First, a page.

Iraq: Isis suffers heavy casualties, and even kills some of its own. [Representational image]Syrian Observatory for Human Rights

The Islamic State group, also known as the Islamic State of Iraq and Syria (Isis) or the Islamic State of Iraq and the Levant (Isil), has suffered dozens of casualties across Iraq over the past few days, including a top leader. It has also killed some of its own men in the country, further depleting its ranks, in what is believed to be the beginning of the end for the extremist group.

Iraqi News reported on Sunday, quoting a source in Anbar Operations Command, that the forces had killed 30 Isis members while the latter were trying to sneak into northern Ramadi through the Euphrates River.

The report quoted the source as saying: "Security forces monitored at noon today members of Isis while they were trying to sneak in from Albu Ziab area to Albu Eitha area in northern Ramadi, through the Euphrates River using four boats. The security forces foiled the sneaking attempt and killed 30 Isis members. The Isis members were trying to target the security forces in Albu Eitha area [sic]."

Isis also lost a top leader on Saturday. Jazeera Operations Command chief Qassim al-Mohamadi said: "We received intelligence inputs indicating the presence of the Isis Wali of Baghdadi Island Abu Arrab inside an Isis headquarter in al-Wasiliyah, to the west of Ramadi. Acting on the tip-off, the international coalition aviation bombed the headquarter, killing all the Isis members inside. The dead members also included Abu Arrab."

Another Iraqi News report on Sunday said 12 Isis members were killed and 13 others injured in an air-strike by the coalition forces to the south-east of Mosul.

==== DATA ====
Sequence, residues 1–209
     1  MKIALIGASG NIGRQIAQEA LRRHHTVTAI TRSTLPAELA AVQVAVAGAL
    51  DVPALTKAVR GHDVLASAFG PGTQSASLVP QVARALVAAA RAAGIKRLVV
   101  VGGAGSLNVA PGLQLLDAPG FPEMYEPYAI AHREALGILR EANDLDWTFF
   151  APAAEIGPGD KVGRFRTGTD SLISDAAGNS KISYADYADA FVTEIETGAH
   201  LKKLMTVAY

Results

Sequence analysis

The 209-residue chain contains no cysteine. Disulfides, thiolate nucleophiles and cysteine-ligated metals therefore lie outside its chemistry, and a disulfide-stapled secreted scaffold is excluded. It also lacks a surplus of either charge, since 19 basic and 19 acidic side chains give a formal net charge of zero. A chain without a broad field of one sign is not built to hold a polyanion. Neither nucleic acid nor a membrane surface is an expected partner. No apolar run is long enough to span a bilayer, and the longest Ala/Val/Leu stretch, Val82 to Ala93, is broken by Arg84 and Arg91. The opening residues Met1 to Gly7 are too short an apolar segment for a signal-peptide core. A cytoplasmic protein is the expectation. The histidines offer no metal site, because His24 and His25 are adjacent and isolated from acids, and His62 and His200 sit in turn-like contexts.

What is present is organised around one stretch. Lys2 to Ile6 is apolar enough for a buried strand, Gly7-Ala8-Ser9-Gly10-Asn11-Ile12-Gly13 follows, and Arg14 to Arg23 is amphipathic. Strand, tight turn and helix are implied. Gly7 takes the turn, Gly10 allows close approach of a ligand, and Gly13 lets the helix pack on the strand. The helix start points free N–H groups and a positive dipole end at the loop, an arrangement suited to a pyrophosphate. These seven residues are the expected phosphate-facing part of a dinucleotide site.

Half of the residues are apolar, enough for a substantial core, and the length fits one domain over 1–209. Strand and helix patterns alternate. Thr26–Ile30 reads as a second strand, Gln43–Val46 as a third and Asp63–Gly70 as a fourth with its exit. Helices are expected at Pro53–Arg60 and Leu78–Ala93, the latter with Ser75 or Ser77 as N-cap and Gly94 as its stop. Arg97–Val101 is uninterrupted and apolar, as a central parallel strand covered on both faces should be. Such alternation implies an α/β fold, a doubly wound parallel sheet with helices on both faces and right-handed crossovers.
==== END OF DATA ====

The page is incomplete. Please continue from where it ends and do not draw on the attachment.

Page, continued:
Kurdish group PKK's media official Gayath al-Surji was quoted as saying in a statement: "International coalition aviation at noon today bombed at an Isis gathering in al-Safina village in the Gwer axis to the south-east of Mosul. In the bombing 12 Isis members were killed and 13 others were severely injured."

A third Iraqi News report, this time quoting a source in the Nineveh police announcement on Sunday, said a bomb blast near Mosul had led to the death of six Isis members. "A bomb exploded targeting a convoy of Isis gunmen at the entrance to Telkaif district north of Mosul, killing six Isis members. Their bodies were handed over to the forensic department in Mosul," said the report.

Meanwhile, another 13 Isis militants were killed in an attack towards the east of Mosul as the Kurdish Peshmerga forces repelled it.

Iraqi F-16 aircraft also got into the act, killing 10 Isis militants in air-strikes in Mosul on Sunday. Sources were quoted as saying in a press statement: "Based on intelligence information received from the security directorate, Iraqi F-16 fighter jets carried out an airstrike. Apart from destroying a factory of missile manufacture, the airstrike also killed 10 Isis members including the Algerian leader Abu Ritaj at Al-dindan neighbourhood in Mosul."

Another four Isis members were killed when coalition air-strikes hit 12 Isis vehicles carrying oil in Nineveh. Officials from Iraq's Ministry of Defence said in a statement on Sunday: "The international coalition aviation today bombed 12 Isis vehicles that were carrying crude oil in Nineveh. Four Isis members were killed and the vehicles were completely destroyed."

The statement also said: "Isis was planning to set fire to the vehicles to obscure the vision of the joint security forces."

Isis kills two of its own

A statement from a local leader said on Saturday said: "Isis executed two of its own leaders and transferred four others to Mosul, a day after the were arrested near Hawija, south-west of Kirkuk. They were linked to the Emir of Isis in Kirkuk, who was executed yesterday [Friday]. The Emir was arrested because in an audio recording [in which] he was heard of appealing to the Isis fighters to withdraw and fall back from Hawija."

The statement also said: "On the other hand, Isis detained over 30 of its own men due to the chaos and internal confusion in the ranks of the organisation. Rifts among the leaders have also surfaced and the morale of the fighters have also gone down in the past few weeks."

The difference in ranks within Isis is not surprising, considering the heavy defeats it has been seeing in both Syria and Iraq.

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